Gillmore was held in the cell for approximately six days. (Id. at 5, ¶ 17; see also Id. at 7, ¶ 27.) He alleges that, during that time, the cell was "freezing cold" with cold air blowing on him, but also that there was "poor ventilation," he was given only a soiled mattress with no sheets, just a blanket, and the lights were constantly on, subjecting him to constant illumination. (Id. at 6, ¶¶ 23-24.) As is the case in a dry cell, see supra note 1, Gillmore alleges that the toilet and plumbing did not work, so he was required to urinate in a bottle and defecate in a pan, so officers could search his waste. (Id. at 6, ¶ 25.) He also was not provided with water to wash his hands, sanitizer, a shower, toothpaste, undergarments, or socks. (Id. at 6, ¶ 28.) Gillmore also generally alleges that during this time, Defendants White, Adams, Kaiser, Friend and Dunlap "all took turns and [participated] in torturing [him] with malicious, sadistic use of force." (Id. at 5, ¶ 17.) However, Gillmore also avers that Defendant Dunlap stated, "This procedure is not suppose[d] to be practiced in SCI-Chester, They're not suppose[d] to be doing this," and left him in the dry cell without taking any further action. (Id. at 7, ¶ 29.)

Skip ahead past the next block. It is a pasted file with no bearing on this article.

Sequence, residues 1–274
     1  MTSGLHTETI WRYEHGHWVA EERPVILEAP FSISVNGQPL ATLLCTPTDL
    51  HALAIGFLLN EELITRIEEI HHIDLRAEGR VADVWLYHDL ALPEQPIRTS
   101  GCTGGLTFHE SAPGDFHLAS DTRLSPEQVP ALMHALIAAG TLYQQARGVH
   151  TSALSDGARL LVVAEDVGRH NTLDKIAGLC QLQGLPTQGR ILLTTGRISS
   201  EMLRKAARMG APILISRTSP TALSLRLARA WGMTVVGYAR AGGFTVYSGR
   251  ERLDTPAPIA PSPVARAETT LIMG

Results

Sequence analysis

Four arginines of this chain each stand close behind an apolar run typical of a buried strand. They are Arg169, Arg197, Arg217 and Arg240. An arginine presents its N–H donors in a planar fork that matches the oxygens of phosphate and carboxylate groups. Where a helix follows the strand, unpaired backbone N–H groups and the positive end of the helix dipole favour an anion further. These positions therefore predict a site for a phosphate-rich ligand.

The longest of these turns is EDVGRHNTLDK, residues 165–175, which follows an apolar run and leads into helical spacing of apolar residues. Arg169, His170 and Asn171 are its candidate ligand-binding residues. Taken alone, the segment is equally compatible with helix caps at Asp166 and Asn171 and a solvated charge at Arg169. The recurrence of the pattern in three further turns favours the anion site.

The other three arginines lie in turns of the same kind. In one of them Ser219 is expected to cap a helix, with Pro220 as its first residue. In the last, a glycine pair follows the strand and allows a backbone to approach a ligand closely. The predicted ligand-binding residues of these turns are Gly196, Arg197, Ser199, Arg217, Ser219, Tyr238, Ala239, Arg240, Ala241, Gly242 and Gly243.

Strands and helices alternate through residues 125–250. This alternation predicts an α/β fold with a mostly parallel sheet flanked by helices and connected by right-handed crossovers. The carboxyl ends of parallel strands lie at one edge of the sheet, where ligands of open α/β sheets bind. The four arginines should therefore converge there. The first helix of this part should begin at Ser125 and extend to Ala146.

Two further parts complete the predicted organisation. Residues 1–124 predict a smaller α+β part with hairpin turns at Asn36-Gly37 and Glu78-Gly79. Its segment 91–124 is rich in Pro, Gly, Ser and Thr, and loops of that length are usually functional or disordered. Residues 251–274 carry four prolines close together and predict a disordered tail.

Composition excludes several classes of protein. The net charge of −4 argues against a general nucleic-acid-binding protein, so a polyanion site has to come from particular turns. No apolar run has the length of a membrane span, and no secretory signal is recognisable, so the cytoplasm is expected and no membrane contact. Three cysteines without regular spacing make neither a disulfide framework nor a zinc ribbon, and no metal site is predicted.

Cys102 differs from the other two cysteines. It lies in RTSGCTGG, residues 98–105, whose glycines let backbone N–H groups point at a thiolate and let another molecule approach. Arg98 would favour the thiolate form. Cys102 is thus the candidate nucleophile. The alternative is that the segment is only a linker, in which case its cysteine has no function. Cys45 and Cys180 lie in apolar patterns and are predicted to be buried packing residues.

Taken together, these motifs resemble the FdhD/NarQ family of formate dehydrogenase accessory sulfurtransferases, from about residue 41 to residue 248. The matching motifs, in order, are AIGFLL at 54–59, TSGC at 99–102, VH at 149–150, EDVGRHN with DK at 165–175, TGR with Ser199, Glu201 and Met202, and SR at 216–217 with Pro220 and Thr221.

Gillmore alleges that he complained of pain from the restraints. Defendant Adams allegedly dismissed his complaints and threatened to prevent Gillmore from moving for twenty-four hours if he continued to complain. (Id. at 7-8, ¶ 31.) Defendant Kaiser also allegedly prevented Gillmore from moving "at all." (Id. at 8, ¶ 33.) At some point during Gillmore's stay in the dry cell, Defendant Nurse Green observed his feet swelling from the shackles but did not provide any treatment and did not direct the officers to loosen the shackles. (Id. at 8, ¶ 34.) Gillmore alleges that no contraband was recovered during his stay in the dry cell or detected after a second x-ray body scan. (Id. at 8, ¶ 35.)

         On August 9, 2019, Gillmore was moved to the Restricted Housing Unit ("RHU") in the same smock he was given in the dry cell. (Id. at 8, ¶ 35.) He was held in solitary confinement even though he had not committed a disciplinary infraction. (Id.) On August 13, 2019, Nurse Green photographed Gillmore's hands and feet even though the swelling from the restraints had subsided. (Id. at 9, ¶ 36.) Gillmore also alleges that, while Defendant Bocco was "doing a tour," he told Bocco about "the pain and [trauma] he just experienced." (Id. at 9, ¶ 37.) Bocco allegedly responded that Gillmore was "our first victim" and laughed as though Gillmore's "hardship was a joking one." (Id.) Gillmore was released from the RHU on August 30, 2019. (Id. at 12, ¶ 48.)